Here’s some more Gary Davis for you.
Outdoors the sun-glitter hurt her eyes. She breathed a deep breath of the tingling cold and squinted her eyes to look around her. The sky was hugely blue and all the land was blowing white. The straight, strong wind did not lift the snow, but drove it scudding across the prairie.
The cattle were standing in sunshine and shadow by the haystacks—red and brown and spotted cattle and one thin black one. They stood perfectly still, every head bowed down to the ground. The hairy red
necks and brown necks all stretched down from bony-gaunt shoulders to monstrous, swollen white heads.
“Pa!” Laura screamed. Pa motioned to her to stay where she was. He went on trudging, through the low- flying snow, toward those creatures.
They did not seem like real cattle. They stood so terribly still. In the whole herd there was not the least movement. Only their breathing sucked their hairy sides in between the rib bones and pushed them out again. Their hip bones and their shoulder bones stood up sharply. Their legs were braced out, stiff and still. And where their heads should be, swollen white lumps seemed fast to the ground under the blowing snow.
On Laura’s head the hair prickled up and a horror went down her backbone. Tears from the sun and the wind swelled out her staring eyes and ran cold on her cheeks. Pa went on slowly against the wind. He walked up to the herd. Not one of the cattle moved.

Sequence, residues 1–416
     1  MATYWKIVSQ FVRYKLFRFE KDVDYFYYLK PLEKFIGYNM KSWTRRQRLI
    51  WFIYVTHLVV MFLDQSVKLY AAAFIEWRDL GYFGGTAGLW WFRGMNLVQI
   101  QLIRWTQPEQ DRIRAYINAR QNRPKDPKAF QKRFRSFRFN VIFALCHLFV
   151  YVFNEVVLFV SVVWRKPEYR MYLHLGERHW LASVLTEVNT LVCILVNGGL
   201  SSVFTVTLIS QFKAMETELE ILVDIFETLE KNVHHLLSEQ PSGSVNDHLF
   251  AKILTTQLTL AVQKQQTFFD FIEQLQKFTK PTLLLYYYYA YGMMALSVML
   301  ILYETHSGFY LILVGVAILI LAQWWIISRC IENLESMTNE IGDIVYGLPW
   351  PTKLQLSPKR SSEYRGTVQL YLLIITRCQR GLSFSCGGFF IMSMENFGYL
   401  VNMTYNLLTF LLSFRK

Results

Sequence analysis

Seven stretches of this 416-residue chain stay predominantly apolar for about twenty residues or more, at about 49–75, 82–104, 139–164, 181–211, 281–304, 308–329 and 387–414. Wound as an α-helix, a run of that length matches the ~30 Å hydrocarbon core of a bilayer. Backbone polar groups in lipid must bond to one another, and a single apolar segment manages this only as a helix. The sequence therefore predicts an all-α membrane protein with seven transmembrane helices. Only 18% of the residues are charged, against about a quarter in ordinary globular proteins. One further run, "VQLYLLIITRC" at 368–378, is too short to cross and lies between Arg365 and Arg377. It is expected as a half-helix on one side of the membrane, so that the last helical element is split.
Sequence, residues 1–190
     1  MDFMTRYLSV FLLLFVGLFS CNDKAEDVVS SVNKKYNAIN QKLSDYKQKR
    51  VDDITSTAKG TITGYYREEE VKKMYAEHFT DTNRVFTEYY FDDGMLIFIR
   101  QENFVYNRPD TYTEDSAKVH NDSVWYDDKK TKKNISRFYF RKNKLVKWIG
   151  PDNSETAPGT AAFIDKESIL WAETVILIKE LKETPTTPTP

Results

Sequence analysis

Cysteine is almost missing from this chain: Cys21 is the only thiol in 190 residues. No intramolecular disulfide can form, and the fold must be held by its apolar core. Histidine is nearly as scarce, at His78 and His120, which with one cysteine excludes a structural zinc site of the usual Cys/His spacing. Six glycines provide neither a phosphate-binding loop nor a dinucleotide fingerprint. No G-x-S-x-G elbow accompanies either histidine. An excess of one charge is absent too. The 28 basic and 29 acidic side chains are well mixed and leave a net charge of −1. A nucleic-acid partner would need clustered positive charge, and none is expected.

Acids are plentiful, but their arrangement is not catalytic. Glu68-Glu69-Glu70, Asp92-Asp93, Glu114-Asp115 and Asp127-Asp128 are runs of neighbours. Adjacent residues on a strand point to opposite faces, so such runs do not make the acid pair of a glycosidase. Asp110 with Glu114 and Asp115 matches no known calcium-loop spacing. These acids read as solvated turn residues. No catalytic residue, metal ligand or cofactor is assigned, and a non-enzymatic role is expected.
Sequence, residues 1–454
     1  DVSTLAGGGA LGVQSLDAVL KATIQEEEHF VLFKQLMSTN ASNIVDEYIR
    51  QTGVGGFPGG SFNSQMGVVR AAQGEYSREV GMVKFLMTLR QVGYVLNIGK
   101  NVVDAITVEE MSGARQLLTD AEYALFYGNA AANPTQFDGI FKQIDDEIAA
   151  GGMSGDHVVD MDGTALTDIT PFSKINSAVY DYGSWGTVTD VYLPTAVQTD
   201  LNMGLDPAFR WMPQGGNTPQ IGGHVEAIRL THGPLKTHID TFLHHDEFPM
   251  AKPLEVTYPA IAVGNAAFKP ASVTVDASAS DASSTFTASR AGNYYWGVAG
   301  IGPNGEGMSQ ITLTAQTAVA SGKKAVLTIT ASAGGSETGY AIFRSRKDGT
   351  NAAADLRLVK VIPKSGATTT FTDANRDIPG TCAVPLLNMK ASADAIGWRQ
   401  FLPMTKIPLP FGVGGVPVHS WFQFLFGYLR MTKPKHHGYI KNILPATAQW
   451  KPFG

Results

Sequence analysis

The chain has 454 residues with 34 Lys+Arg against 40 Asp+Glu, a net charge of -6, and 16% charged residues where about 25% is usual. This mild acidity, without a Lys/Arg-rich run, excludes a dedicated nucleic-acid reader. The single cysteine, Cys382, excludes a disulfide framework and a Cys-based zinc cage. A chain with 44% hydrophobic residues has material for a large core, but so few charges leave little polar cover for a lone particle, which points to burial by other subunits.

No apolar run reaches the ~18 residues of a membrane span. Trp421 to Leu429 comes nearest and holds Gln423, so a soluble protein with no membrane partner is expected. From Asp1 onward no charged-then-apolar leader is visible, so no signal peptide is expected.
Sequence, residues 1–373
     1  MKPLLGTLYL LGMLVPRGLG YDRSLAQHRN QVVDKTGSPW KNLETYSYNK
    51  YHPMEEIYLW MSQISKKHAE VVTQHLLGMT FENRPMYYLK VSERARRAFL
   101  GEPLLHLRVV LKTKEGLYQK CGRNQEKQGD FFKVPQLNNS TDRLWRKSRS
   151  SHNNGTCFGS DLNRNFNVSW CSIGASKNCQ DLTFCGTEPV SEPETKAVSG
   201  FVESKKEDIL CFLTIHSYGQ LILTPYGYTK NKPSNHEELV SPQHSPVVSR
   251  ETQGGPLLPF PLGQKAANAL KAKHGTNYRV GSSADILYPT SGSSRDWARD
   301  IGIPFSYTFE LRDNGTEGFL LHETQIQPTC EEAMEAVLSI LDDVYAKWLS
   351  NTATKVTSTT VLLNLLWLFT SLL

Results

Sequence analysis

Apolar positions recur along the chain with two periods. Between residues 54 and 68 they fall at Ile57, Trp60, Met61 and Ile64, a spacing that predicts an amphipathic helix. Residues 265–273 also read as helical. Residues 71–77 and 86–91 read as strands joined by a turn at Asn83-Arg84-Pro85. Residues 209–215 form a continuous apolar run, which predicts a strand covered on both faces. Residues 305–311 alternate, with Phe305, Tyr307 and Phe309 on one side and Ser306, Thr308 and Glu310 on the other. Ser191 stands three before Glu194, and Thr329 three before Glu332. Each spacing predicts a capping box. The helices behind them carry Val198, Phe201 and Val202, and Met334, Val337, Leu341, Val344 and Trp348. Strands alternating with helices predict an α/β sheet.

For a moment Pa stood looking. Then he stooped and quickly did something. Laura heard a bellow and a red steer’s back humped and jumped. The red steer ran staggering and bawling. It had an ordinary head with eyes and nose and open mouth bawling out steam on the wind.
Another one bellowed and ran a short, staggering run. Then another. Pa was doing the same thing to them all, one by one. Their bawling rose up to the cold sky. At last they all drifted away together. They went silently now in the knee-deep spray of blowing snow. Pa waved to Laura to go back to the shanty, while he inspected the haystacks.
“Whatever kept you so long, Laura?” Ma asked.
“Did the cattle get into the haystacks?”
“No, Ma,” she answered. “Their heads were . . . I guess their heads were frozen to the ground.”
“That can’t be!” Ma exclaimed.
“It must be one of Laura’s queer notions,” Mary said, busily knitting in her chair by the stove. “How could cattle’s heads freeze to the ground, Laura? It’s really worrying, the way you talk sometimes.”
“Well, ask Pa then!” Laura said shortly. She was not able to tell Ma and Mary what she felt. She felt that somehow, in the wild night and storm, the still-ness that was underneath all sounds on the prairie had seized the cattle.
Laura’s future husband Almanzo also sees the world around them as almost a living thing,
- “But he had a feeling colder than the wind. He felt that he was the only life on the cold earth under the cold sky; he and his horse alone in an enormous coldness.
“Hi-yup, Prince!” he said, but the wind carried away the sound in the ceaseless rush of its blowing. Then he was afraid of being afraid. He said to himself, “There’s nothing to be afraid of.” He thought, “I won’t turn back now. I’ll turn back from the top of that next slope,” and he tightened the reins ever so little to hold the rhythm of Prince’s galloping.
From the top of that slope he saw a low edge of cloud on the northwestern sky line. Then suddenly the whole great prairie seemed to be a trap that knew it had caught him.”
And Laura’s father is the same way, he hears the strange voices, too, and he sees the sign. And he works hard to keep the darkness away from his family. Pa rose with a deep breath. “Well, here it is again.”